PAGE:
How much building inspection cost?
Building inspection prices depend on the size, age, and type of property. Building inspectors with different experiences quotes different prices for the same property. Following price guidance can protect from being stitched up by some greedy inspector.
Number of Rooms
What are different types of building inspection?
There are different types of building inspection depending upon the purpose and scope of building inspection.
Building inspector: This is a standard building inspection which is also called pre-purchase building inspection. It is a visual assessment of the condition of the property by the qualified and licensed building inspector.
Timber Pest Inspection: Termite or Pest inspection is a visual inspection of the condition of the reasonably accessible parts of the property. These days many hi-tech tools are used such as SONAR-equipped sensors and cameras which can see inside the timber. These tools provide better detection of termites and pests on your property.
Building and Pest Inspection: Basically It is a thorough inspection for building defects, termites, and pests. It involves the inspection of a building (apartment, townhouse, house, or any commercial ) for the presence of any significant building defects or problems such as rising damp, movement in the walls (cracking), safety hazards, or a faulty roof. It also covers the pest inspection which involves the scanning of building any present and future risk of pest and termites. These days many hi-tech tools are used such as SONAR-equipped sensors and cameras which can inside the timber. These tools provide better detection of termites on your property.
New Home Inspection: New Home Inspection is a building inspection through the entire building process of construction of a building. It mainly comprised of the 5 stages mentioned below
Base Stage – This inspection is carried out before the concrete is poured. This ensures that workmanship is up to standard
Frame Stage – This inspection is carried out after the framework has been completed. Inspectors check for constructed wall frames, their plumb, and correct installation of bracing.
Lockup/Pre-Plaster Stage– This inspection is carried out just before the plastering of walls and ceiling. At this point, plumbers, electrician, heating, cooling, and other contractors have finished their installation and pipework. the roof coverings are fixed, external doors and windows are fixed.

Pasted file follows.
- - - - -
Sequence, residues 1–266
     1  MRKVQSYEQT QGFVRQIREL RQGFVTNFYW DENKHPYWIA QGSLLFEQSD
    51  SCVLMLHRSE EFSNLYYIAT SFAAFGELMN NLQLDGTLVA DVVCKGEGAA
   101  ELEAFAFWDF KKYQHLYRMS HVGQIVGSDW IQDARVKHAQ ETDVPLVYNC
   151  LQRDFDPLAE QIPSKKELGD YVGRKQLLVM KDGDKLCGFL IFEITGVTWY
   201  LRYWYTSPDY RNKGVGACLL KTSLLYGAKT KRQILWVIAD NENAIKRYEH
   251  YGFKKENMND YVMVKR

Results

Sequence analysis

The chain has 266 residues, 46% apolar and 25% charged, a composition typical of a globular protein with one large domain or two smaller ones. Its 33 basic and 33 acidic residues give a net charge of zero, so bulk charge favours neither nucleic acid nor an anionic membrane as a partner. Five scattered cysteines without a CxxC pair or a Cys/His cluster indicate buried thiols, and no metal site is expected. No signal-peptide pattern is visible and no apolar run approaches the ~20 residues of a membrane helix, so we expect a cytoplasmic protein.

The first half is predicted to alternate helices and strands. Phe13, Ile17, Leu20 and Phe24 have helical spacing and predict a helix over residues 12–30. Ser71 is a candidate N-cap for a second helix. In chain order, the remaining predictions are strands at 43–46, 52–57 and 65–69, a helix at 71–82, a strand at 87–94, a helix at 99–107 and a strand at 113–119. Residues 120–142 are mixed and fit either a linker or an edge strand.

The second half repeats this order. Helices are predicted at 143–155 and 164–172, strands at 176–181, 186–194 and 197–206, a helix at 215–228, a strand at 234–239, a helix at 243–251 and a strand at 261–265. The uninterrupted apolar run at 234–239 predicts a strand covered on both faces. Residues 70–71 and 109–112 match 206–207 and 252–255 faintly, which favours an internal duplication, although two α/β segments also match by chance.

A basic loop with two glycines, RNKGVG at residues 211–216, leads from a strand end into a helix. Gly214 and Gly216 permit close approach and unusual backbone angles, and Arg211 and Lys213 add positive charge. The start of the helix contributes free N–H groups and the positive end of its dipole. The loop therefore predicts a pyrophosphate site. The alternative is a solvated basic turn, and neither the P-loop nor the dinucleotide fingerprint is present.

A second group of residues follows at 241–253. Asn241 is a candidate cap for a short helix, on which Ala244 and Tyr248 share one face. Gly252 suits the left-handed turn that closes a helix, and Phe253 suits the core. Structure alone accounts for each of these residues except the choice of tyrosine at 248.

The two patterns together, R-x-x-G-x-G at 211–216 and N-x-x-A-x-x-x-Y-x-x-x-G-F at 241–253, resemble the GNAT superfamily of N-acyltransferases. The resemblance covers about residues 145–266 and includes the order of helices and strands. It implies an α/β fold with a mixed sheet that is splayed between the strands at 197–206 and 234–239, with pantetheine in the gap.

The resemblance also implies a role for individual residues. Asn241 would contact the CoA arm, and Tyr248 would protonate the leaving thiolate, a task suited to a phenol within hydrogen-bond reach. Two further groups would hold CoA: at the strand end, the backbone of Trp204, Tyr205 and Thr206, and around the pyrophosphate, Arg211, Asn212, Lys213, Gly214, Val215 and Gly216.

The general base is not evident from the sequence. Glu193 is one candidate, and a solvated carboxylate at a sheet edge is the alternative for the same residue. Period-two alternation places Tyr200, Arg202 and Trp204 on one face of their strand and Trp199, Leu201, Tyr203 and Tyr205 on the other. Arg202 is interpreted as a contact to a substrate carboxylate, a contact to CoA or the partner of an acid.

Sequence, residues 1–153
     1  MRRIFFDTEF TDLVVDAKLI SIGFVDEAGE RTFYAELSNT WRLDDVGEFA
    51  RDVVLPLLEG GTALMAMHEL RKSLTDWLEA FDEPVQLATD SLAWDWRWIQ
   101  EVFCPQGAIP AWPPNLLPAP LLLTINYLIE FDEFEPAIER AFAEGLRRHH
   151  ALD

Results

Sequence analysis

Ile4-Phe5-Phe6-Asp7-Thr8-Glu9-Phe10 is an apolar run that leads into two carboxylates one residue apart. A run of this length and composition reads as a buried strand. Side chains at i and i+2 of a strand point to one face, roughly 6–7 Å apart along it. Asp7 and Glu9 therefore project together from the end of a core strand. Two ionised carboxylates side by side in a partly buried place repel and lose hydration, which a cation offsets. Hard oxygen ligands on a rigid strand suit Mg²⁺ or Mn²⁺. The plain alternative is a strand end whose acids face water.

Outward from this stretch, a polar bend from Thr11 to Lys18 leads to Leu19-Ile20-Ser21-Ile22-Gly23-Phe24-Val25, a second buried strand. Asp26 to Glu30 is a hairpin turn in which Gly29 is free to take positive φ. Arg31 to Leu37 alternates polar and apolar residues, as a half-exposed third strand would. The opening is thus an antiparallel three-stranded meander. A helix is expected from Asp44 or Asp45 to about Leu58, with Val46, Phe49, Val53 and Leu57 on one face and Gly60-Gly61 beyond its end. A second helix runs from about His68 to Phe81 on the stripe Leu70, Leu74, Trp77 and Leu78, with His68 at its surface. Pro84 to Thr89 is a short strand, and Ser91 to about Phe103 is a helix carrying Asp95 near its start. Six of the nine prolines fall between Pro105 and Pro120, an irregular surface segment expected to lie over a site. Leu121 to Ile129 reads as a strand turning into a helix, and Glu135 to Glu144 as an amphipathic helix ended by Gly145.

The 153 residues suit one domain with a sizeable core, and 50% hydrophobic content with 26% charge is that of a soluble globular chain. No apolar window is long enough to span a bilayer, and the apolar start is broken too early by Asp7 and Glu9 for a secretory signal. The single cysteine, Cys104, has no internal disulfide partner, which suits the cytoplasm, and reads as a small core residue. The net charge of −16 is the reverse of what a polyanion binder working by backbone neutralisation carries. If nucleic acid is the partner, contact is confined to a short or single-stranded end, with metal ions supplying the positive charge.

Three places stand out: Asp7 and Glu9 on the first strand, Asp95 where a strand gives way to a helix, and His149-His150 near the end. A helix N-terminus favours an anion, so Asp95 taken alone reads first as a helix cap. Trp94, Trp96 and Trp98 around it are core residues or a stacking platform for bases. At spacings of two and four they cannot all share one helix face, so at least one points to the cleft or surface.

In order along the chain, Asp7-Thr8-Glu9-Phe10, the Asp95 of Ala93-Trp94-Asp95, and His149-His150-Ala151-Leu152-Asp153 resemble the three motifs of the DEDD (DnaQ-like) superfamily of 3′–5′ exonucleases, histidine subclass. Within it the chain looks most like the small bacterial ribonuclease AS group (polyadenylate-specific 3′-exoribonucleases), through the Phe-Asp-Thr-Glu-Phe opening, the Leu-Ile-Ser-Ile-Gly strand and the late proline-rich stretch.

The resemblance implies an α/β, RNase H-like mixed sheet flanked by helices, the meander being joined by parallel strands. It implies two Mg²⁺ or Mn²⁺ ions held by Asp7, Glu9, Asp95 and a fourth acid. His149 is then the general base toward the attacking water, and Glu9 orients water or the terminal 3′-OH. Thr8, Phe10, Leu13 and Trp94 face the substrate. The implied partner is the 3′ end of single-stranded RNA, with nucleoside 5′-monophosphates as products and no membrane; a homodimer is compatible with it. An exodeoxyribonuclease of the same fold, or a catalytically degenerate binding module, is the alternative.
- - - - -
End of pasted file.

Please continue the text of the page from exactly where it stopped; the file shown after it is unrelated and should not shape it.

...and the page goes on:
Fixing Stage – In this stage, All the cabinet and cupboards, doors, internal cladding, architraves, skirting, sinks are inspected for proper installation.
Final Inspection (PCI) – The final inspection for your new home construction is known as the handover inspection. At this stage, all the installations are inspected for proper working.
Handover Inspection: Handover inspection involves the checking of construction work and installation in the new house before handover it to the owner. It ensures that material and workmanship are of the industry standard. It involves the inspection of waterproofing, internal cladding, architraves, doors, built-in shelves, baths, skirting basins, troughs, sinks, vanity units, benchtops, cabinets, cupboards are correctly fitted according to plan.
Dilapidation Inspection: Dilapidation Report is a detailed analysis and documentation of the condition of a building in regard to building defects, integrity, and damages. It is normally done prior to any heavy construction in the vicinity of the building. It helps to minimize any potential conflict among the stakeholders in case any damage happens
A dilapidation report inspection is carried out in 2 phase
Phase 1: A report about structure and integrity of building prior to starting any work
Phase 2: A report to access any damage to property due to construction in the vicinity
Asbestos Inspection: Asbestos inspection or testing involves the scanning of building for the probability of asbestos. Asbestos is a naturally formed material found in construction material prior to 2003. It gets released into the air and becomes an inhalation health hazard. Asbestos inspection can have different scopes depending upon the requirement.
Insurance Inspection: Home insurance inspection has two purposes:
Appraise the building or home cost
Identify existing risks
Type of insurance required
This is a type of building inspection where inspectors identify potential risks that can cost the insurance company money.
Depreciation Inspection: The depreciation schedule is a report that outlines all available tax depreciation deductions for a residential investment property or commercial building. Most properties, new and old, have depreciation available.
15 top building defects found during building Inspection According to research done by choice.com.au, the following are the 15 most common building defects found in